In the recent Quebec Court of Appeal decision in Benisty v. Kloda, 2018 QCCA 608, the Court of Appeal considered what to do with this type of recorded evidence.
The case began in 2009 when the appellant Charles Benisty ("Benisty"), brought a claim against Samuel Kloda ("Kloda") and CIBC Wood Gundy claiming the reimbursement of more than $1 million in damages. Benisty alleged that the losses arose from unauthorized discretionary trades carried out by Kloda, his financial advisor at the time. Before filing suit, Benisty had begun surreptiously recording his conversations with his advisor as he no longer trusted Kloda's explanations of the management of the accounts and believed him to be engaging in unauthorized trades.
At trial, Benisty sought to rely on the audiocassette recordings to demonstrate dishonesty on the part of Kloda. However, the trial judge refused to admit the compilation of 50 recordings as they included numerous interruptions and deletions, whether voluntary or not. The trial judge also noted that the date of many of the conversations was unclear. As such, Benisty had not met the burden for establishing the authenticity and reliability of the conversations that they purported to record.
The trial judge went on to note that while some extracts of the recordings were incriminating to Kloda, others supported his defence. The trial judge also noted a number of factors that affected Benisty's credibility, such as continuing to do business with Kloda despite believing him to be making unauthorized trades, transferring these supposedly unauthorized assets between his accounts, and waiting to demand the cancellation of these transactions despite knowing about them in real time. The trial judge also found that Benisty did not respect his own contractual obligations to CIBC as he did not contest any erroneous transactions within the 21 days provided in the account agreement. On that basis, the trial judge found that Benisty's action should be dismissed.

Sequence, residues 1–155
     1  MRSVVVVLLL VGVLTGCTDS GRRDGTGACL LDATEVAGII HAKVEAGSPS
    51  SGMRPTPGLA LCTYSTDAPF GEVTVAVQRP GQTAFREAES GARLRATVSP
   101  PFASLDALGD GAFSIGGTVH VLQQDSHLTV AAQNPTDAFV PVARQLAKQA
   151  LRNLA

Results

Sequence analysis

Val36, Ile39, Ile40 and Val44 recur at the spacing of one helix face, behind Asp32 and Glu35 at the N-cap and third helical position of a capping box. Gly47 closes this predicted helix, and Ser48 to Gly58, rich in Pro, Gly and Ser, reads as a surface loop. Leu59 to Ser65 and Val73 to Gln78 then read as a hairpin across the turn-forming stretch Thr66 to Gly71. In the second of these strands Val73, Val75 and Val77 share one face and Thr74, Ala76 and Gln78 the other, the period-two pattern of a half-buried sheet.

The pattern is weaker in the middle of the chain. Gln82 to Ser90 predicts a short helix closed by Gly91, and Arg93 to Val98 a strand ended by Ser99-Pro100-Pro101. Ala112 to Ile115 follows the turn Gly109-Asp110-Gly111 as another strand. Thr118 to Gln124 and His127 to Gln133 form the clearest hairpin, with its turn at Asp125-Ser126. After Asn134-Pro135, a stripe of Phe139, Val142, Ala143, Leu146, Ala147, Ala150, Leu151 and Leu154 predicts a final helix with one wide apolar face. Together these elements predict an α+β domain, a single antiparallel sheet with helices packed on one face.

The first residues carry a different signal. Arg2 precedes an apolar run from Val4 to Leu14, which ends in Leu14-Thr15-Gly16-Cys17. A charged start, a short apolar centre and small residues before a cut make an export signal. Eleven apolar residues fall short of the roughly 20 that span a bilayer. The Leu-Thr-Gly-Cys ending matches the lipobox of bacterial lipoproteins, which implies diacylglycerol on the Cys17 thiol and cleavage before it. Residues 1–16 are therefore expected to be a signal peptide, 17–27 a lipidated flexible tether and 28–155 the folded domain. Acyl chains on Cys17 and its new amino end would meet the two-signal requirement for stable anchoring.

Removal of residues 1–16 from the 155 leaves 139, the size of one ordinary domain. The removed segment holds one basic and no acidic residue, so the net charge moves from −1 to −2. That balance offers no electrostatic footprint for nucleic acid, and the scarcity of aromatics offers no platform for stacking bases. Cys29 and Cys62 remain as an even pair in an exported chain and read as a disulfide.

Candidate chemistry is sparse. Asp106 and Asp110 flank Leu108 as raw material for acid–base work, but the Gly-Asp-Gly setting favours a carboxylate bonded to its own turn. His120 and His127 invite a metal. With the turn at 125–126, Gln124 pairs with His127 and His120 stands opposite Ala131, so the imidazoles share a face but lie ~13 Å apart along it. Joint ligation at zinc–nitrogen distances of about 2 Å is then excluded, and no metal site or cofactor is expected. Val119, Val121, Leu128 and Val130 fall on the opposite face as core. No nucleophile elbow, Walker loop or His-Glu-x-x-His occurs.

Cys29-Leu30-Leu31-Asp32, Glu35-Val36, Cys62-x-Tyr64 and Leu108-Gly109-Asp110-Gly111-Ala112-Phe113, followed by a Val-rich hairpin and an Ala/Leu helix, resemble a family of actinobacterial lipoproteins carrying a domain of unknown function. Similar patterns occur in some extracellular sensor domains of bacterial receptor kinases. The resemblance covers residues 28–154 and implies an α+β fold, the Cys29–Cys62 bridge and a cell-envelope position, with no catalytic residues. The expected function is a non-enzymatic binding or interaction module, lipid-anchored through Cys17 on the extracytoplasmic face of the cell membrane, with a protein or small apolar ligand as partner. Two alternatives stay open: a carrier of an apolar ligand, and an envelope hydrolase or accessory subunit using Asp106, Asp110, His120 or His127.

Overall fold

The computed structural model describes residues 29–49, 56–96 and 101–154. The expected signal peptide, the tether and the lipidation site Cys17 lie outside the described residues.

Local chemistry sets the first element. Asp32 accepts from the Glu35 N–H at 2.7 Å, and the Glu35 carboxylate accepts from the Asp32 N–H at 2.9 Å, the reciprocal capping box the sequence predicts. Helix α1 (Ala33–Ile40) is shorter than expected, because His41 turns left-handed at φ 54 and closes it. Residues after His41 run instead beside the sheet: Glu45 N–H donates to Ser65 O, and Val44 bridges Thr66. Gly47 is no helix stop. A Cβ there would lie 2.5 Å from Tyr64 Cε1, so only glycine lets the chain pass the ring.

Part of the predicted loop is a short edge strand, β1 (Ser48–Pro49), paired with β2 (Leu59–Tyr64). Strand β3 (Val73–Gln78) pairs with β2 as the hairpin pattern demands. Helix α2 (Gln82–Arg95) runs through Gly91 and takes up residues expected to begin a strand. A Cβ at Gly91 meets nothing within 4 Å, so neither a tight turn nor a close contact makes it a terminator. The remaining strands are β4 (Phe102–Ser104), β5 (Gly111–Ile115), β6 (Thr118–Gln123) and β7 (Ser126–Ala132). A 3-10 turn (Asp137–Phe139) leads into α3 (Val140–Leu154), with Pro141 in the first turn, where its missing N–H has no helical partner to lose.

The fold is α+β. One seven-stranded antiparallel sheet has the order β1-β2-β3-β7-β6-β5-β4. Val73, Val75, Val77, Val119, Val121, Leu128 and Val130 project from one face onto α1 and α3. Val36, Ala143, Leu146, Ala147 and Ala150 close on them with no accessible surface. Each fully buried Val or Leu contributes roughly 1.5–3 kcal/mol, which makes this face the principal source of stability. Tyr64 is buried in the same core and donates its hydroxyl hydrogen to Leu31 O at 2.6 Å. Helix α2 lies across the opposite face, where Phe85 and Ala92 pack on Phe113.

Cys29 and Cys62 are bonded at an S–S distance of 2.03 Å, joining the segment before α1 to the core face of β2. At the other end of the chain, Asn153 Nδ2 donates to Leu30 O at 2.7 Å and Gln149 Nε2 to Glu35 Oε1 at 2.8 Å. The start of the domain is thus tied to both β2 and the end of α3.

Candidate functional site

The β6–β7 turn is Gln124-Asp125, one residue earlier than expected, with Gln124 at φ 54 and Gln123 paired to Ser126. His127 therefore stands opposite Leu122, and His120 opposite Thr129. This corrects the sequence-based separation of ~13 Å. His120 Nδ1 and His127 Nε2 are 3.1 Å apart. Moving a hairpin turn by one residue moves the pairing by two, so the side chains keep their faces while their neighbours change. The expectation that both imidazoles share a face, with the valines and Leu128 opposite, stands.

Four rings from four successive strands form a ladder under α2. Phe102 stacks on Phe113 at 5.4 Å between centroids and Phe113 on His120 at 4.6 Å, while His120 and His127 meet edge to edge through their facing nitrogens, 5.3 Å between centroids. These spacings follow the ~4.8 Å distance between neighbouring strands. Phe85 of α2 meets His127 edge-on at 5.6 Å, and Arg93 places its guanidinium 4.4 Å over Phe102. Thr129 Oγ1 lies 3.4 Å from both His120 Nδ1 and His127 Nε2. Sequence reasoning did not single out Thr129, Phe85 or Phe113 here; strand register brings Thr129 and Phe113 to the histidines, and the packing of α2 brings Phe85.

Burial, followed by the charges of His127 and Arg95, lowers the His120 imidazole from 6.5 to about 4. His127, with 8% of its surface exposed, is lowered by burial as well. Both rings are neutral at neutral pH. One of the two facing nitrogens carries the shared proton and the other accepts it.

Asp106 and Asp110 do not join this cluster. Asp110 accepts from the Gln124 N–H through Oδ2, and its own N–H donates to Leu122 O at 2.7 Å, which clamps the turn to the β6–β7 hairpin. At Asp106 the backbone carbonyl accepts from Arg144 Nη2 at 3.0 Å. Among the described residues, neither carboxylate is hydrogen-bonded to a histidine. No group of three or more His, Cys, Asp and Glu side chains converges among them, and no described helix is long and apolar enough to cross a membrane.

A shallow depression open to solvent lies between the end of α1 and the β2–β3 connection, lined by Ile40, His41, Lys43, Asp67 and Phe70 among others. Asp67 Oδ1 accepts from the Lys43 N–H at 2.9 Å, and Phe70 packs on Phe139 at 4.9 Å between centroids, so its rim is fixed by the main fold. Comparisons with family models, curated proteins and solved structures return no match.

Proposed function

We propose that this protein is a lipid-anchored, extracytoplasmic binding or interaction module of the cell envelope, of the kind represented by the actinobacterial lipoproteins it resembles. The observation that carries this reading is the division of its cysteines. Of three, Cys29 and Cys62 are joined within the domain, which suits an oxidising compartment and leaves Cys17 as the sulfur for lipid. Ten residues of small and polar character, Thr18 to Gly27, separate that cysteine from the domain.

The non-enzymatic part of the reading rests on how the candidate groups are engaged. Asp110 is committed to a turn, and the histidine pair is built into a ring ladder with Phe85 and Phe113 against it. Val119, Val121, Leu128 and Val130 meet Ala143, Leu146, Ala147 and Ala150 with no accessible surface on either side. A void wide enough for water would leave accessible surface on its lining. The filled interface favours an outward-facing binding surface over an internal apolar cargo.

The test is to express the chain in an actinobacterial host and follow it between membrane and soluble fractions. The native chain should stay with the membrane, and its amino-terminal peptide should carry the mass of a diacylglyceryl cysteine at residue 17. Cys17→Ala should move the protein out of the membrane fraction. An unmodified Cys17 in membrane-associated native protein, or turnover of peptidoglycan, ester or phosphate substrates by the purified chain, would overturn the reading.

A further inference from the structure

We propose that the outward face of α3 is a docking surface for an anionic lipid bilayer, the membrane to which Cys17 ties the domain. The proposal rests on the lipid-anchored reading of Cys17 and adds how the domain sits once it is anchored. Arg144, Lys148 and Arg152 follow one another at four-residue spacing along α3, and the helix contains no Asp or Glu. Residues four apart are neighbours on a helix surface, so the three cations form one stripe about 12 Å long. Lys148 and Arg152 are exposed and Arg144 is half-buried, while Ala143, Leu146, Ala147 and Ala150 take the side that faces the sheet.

Before the Court of Appeal, the appellant sought to file a different CD containing consolidated extracts of the recordings; this was instead of filing the original cassettes which had earlier been filed as exhibits. It was therefore impossible to verify if the information contained in the audiocassette was the same information as the one contained in the excerpts on the CD, which demonstrated that the appellant did not meet the conditions to ensure the integrity of the excerpts. As a result, the excerpts on the compact disc did not have the same legal value as the audiocassette. Thus, the appellant did not prove an overriding error from the trial judge. The Court also saw no error in the trial judge's finding that the cassettes lacked sufficient authenticity to be admitted into evidence.
The Court of Appeal also considered new evidence in the form of a 2016 settlement agreement entered into between IIROC and Kloda wherein Kloda admitted engaging in unauthorized transactions. While the Court of appeal agreed that this new fact would have affected the credibility of Kloda's testimony, it was insufficient to conclude that the trial judge committed an overriding error in his appreciation of the facts of the case. All the financial transactions executed had been authorized by the appellant and even if one or two transactions were indeed not authorized, the appellant ratified them by transferring several of these shares between his accounts. The trial judge added that in the event that the appellant did not authorize these transactions, he did not minimize his damages, which would have resulted in a loss of $22,300 rather than the $1 million claimed by Benisty. The Court of Appeal agreed with the trial judge.